Share what you know and help travelers beat the banks! The information in this post pertains to travelers with US-based banks and credit cards. Submit a comment and tell us what you know about foreign transaction fees charged to travelers from Europe or Asia or anywhere else in the world. Knowledge is power (and money) people.

 

 

Check out FlyerGuide.com’s comprehensive list of ATM and credit card bank fees.

Credit card foreign transaction fee (updated 2/26/2010)
Issuer
Issuer fee
 

 

 

MasterCard/Visa fee
 

 

 

Total fee
 

 

 

American Express2.7%n/a2.7%
Bank of America2%1%3%
Barclaycard/Juniper2%1%3%
Capital Onenonenone0%
Chase2%1%3%
Citi2%1%3%
Discover2%n/a2%
HSBC2%1%3%
US Bancorp2%1%3%
USAA (available only to members of the military and their immediate families)none1%1%
Wells Fargo2%1%3%
Foreign ATM transaction fees
IssuerForeign ATM cost
Bank of America1 percent currency conversion fee at Global ATM Alliance ATMs/$5 plus 1 percent currency conversion fee at Non-Global ATM Alliance ATMs
Capital OneNo additional fees: $0 plus a 0% currency conversion fee. Refund of up to $10 per statement on ATM usage fees charged by other banks.
Chase$3 plus 3 percent currency conversion fee; for premium accounts, $0 plus 3 percent currency conversion fee
CitiCitibank ATMs: $0 plus a 3 percent currency conversion fee/nonCitibank ATMs: $1.50 plus a 3 percent currency conversion fee
HSBC$1.50 for each ATM withdrawal; no fee for Premier Debit MasterCard
USAA$0 plus 1 percent currency conversion fee
Wells Fargo$5 withdrawal fee

Source: CreditCards.com

 

 

 

(Visa and Mastercard) charge a 1% fee to the issuing bank that you hold your account with. A few of these banks merely pass on this 1% fee to you. Many take the opportunity to tack on their own fee, increasing the percentage that you pay to 2% or even 3%. A very, very few banks not only don’t charge their own foreign transaction fee but agree to eat the credit card companies’ 1% fee as well so their customers can enjoy fee-free ATM withdrawals and credit card purchases overseas.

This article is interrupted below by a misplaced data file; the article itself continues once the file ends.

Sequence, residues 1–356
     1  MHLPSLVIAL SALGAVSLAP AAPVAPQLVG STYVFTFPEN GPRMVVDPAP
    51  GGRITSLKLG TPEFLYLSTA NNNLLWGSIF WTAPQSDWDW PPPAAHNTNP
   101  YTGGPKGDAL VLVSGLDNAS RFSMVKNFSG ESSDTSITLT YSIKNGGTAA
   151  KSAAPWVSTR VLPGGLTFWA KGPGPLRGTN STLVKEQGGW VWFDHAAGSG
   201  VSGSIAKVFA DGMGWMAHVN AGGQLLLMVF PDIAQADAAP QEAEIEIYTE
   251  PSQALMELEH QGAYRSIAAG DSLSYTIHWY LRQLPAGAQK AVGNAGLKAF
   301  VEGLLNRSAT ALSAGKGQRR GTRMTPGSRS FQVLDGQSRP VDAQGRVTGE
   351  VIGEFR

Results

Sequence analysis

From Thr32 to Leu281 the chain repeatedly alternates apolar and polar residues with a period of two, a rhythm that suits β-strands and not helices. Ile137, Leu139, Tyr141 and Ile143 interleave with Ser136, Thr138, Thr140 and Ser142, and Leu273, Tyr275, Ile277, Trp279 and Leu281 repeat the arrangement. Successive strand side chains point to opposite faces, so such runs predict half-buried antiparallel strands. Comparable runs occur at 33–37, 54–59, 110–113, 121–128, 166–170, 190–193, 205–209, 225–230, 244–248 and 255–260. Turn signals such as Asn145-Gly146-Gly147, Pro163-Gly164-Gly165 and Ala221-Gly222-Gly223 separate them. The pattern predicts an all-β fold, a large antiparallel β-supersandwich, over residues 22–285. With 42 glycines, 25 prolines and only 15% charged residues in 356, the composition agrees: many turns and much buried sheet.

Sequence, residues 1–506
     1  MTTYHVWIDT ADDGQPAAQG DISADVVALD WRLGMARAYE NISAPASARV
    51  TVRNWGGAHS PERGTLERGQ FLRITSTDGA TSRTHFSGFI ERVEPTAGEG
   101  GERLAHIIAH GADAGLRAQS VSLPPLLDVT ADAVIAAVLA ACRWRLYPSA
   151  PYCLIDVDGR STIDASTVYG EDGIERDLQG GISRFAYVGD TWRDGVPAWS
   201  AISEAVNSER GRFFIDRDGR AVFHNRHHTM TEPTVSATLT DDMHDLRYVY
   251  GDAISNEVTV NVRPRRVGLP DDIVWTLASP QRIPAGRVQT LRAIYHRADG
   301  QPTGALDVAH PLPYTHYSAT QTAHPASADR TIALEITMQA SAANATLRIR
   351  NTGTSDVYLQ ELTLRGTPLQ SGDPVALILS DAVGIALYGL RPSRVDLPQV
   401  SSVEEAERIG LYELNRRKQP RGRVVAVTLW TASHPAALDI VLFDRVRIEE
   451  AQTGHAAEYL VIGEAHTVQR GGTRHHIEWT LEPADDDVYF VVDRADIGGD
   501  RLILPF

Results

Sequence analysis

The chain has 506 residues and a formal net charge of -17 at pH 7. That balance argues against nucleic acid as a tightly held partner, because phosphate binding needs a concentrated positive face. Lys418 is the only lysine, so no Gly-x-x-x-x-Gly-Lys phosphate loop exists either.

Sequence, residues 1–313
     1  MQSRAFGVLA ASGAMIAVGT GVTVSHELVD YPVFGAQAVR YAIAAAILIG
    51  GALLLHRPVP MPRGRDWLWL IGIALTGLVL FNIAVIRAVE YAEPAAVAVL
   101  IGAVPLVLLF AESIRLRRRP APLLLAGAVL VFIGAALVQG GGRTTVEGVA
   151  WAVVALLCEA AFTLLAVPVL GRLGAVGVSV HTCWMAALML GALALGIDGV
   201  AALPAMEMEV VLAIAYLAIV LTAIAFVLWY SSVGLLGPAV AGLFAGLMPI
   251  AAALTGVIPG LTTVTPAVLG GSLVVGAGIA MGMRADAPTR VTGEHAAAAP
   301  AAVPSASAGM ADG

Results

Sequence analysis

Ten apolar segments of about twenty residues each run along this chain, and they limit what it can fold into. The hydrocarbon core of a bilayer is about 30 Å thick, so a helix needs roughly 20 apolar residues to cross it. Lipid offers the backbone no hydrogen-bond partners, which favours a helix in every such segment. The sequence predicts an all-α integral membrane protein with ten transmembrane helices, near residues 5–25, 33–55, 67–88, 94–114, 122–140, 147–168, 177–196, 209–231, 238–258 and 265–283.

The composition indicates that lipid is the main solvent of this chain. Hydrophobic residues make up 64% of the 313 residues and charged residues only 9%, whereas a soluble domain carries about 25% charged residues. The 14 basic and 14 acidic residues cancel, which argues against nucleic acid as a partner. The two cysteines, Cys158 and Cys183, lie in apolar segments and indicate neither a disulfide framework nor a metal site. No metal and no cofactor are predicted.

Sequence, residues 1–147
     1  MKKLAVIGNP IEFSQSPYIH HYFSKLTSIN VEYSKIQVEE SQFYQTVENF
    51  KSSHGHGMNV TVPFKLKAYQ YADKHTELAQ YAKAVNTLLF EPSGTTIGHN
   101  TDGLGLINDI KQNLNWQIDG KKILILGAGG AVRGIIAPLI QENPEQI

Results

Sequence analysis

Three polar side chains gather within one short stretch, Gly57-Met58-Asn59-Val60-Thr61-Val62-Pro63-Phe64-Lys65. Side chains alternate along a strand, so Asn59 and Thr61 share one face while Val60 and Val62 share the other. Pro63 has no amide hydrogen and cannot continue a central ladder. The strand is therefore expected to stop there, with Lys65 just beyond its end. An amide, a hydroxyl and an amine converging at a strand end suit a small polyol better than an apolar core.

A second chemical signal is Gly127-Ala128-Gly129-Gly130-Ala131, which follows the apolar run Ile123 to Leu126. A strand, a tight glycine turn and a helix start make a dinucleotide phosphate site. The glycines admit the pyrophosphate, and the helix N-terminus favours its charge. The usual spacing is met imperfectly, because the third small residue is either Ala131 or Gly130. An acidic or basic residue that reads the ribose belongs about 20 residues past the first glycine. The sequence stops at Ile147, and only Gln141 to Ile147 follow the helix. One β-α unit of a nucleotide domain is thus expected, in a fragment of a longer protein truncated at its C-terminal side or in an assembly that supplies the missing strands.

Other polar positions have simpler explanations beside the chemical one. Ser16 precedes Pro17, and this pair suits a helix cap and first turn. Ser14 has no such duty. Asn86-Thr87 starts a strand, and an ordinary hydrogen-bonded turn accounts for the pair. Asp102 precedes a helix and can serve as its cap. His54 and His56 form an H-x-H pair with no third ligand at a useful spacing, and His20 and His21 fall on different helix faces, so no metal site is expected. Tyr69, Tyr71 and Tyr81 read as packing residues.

That’s why we opened an E*Trade Financial checking account and that’s why we carry Capital One credit cards. Capital One is the only major credit card provider without a minimum balance requirement that we know of that does not charge a foreign transaction fee (and we’ve done exhaustive research).

 

However, we just learned (the hard way) that all E*Trade Financial ATM and debit cards now incur a 1% foreign transaction fee on purchases and ATM withdrawals outside the US  because the bank has decided to stop eating the 1% fee they’re charged and pass it on to customers (us) instead.

We just contacted Capital One, where we already have credit cards that are blissfully free of international transaction fees, and the company confirmed that their banking accounts are ALSO free of international transaction fees. We, like you, work hard to save money for travel and we’re also careful to conserve our money once we’re on the road. That’s how we’ve kept our Trans-Americas Journey going for almost four years now. We estimate that we’ve saved nearly US$1,000 a year by religiously avoiding ATM and credit card foreign transaction fees during our Trans-Americas Journey.

That’s why we are now in the process of closing our E*Trade checking account and opening a Capital One checking account and we would suggest that other travelers from the U.S. do the same.

Another thing to look for when you’re choosing a bank and credit card that’s most suitable for overseas travel is a policy of refunding a certain amount of the ATM fees you incur from domestic or foreign banks each month. For example, Capital One will credit your account up to US$10 per month in ATM fees charged by other banks—as long as the foreign bank codes the fee correctly which most major international banks do.

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36 comments on “What’s in Your (Travel) Wallet?

  1. I avoid fees like the plague, so I also carry a Capital One credit card (though I have a couple backups). I have a Fidelity ATM card and they charge no fees on foreign withdrawals.

    I’ve only found one bank in Mexico that doesn’t add on fees each time though. It’s usually 25 pesos or so – $2.

    • Thanks, good to know about Fidelity.